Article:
January 19, 87

Vol. 02 , No. 06   


View Entire Issue (Vol. 02 , No. 06)


WINTER AND SPRING PROGRAMS

International relations, literature, music, religion, and economics-these are some of the major fields included in the Athenaeum's winter and spring calander. Please save the listing for future reference, and note on your calendar now those events you wish to attend. Remember that luncheon or dinner reservations in conjunction with these programs should be made with the Athenaeum secretary at least two days in advance. Meal card numbers from students are required. Other friends of the College are welcome, too; their fee is normally $5.00 for lunch and $8.00 for dinner, payable in advance by check to the Marian Miner Cook Athenaeum. Typically the evening programs begin at 7:00 p.m., following a reception and dinner starting at 5:30 p.m.

Wednesday, January 21, 1987

Entrepreneurship, a three-part series, gets under way with a presentation by Julie D. Dillion, president and owner of Dillon Development, Inc., San Diego. The other programs in this series feature Al Osborne, director of UCLA's entrepreneurial studies program, who speaks on Monday, January 26, and R.B. "Buzz" Woolley, Jr. '59, president of Girard Capital, Inc., La Jolla, who will be at the Athenaeum on Thursday, February 12.

Tuesday, January 27, 1987

Our second annual Mozart's Birthday Party showcases chamber music by Brahms and Schubert as well as Mozart. See "Feast and Festival" for more details.

Monday and Tuesday, February 2-3, 1987

Novelist Chaim Potok, distinguished author of The Chosen (1967), The Book of Lights (1981), and other important works, discusses his writing.

Tuesday and Wednesday, February 10-11, 1987

Sonia Landau draws on her experience with the Corporation for Public Broadcasting and as chair of Women for Reagan-Bush '84 to address issues of current concern.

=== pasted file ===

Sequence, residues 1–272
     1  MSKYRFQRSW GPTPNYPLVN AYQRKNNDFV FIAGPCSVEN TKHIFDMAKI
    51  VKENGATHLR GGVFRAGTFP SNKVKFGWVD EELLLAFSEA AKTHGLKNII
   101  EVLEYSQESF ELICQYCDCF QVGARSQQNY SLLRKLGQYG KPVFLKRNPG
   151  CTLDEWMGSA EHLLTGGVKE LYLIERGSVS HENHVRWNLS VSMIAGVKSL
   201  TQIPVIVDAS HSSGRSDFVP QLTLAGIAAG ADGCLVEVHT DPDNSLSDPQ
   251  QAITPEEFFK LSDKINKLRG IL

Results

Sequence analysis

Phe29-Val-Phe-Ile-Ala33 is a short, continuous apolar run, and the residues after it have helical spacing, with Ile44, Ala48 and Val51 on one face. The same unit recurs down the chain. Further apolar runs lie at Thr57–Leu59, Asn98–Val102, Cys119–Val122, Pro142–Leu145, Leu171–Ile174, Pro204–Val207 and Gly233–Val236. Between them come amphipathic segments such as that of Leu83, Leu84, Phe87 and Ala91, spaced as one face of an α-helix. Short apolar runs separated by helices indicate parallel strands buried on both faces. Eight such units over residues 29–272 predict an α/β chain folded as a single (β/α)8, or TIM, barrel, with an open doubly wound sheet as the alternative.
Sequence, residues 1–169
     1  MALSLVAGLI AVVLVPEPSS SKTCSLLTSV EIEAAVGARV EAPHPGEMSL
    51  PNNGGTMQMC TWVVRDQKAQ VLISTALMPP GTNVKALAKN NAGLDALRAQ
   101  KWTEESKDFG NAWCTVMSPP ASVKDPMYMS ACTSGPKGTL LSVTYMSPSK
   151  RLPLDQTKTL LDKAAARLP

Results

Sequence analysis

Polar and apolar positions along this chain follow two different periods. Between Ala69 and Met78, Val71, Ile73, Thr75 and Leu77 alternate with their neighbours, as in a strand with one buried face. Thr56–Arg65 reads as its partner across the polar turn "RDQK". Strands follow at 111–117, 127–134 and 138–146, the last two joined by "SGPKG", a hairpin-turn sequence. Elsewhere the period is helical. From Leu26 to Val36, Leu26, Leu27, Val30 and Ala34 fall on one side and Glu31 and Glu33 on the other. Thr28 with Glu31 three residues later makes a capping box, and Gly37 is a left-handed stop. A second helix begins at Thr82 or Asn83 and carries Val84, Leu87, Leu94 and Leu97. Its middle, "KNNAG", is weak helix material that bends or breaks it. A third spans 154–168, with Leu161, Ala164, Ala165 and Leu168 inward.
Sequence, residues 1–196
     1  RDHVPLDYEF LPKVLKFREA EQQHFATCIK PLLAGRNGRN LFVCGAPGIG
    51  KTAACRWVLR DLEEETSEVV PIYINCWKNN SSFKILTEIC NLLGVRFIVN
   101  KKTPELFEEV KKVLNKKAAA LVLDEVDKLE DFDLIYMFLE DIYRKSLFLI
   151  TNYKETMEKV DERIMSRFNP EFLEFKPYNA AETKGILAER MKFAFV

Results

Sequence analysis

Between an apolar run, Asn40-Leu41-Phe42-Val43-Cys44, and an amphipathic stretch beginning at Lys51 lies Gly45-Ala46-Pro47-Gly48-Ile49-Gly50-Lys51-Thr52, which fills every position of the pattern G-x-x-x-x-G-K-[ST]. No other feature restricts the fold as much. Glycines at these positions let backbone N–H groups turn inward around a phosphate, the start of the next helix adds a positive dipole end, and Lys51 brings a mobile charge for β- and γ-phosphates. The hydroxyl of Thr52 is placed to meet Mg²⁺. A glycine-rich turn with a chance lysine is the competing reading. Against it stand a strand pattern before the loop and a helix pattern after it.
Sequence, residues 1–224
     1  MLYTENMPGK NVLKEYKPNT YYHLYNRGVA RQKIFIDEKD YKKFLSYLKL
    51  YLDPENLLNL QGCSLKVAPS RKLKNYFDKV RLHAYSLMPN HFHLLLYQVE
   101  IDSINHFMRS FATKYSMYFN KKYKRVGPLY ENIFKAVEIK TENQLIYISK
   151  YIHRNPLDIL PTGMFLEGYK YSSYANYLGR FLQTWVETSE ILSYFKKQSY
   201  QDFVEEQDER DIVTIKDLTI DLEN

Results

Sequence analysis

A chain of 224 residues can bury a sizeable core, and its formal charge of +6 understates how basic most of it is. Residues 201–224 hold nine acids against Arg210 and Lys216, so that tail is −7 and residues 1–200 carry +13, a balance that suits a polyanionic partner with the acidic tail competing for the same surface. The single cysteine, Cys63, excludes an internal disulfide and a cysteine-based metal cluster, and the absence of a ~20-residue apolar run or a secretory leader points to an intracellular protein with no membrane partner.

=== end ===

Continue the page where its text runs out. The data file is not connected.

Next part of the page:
Monday, February 16, 1987

Sponsored by the Keck Center for International Strategic Studies, Congressman Lee Hamilton delivers the 1987 Keck Lecture on International Understanding.

Tuesday-Thursday, February 24-26, 1987

Americans Abroad, a symposium on the problems and prospects facing Americans overseas, includes Rupert Pennant-Rea, editor of The Economist, and Colonel Harry G. Summers, Jr., senior military analyst for U.S. News and World Report.

Wednesday, March 4, 1987

Co-sponsored by the Office of the Chaplains, theologian Harold S. Kushner discusses his best-selling When Bad Things Happen to Good People (1981).

Tuesday, March 24, 1987

Yvonne Braithwaite Burke, attorney and former member of Congress, appraises the current American scene.

Wednesday, March 25, 1987

Historian and freelance writer, Margaret A. Coel shares her insights about the American West.

Thursday, March 26, 1987

An evening with Dith Pran, whose story is told in the award winning film, The Killing Fields (1984).

Monday, March 30, 1987

Watch the NCAA Basketball Finals and the Academy Awards on big-screen television at the Athenaeum.

Tuesday and Wednesday, March 31-April 1, 1987

A symposium on Jesus brings us Brian Hebblethwaite, director of studies in philosophy, theology, and religious studies at Queens' College, Cambridge, England, and a distinguished group of Claremont scholars.

Thursday, April 2, 1987

Caribbean Afro-American poet Derek Walcott, winner of the 1986 Los Angeles Times Book Prize for poetry, reads and interprets his work.

Friday-Sunday, April 3-5, 1987

The Athenaeum's Americana Evenings feature traditional food and music.

Monday-Wednesday, April 27-29, 1987

Richard L. Rubenstein, author of influential studies such as The Cunning of History (1975) and The Age of Triage (1983), focuses on his research-in-progress.

Monday and Tuesday, May 4-5, 1987

Japanese philosopher Kenji Yoshida appraises the increasing importance of Japanese modernization and its impact on Japanese-American relations.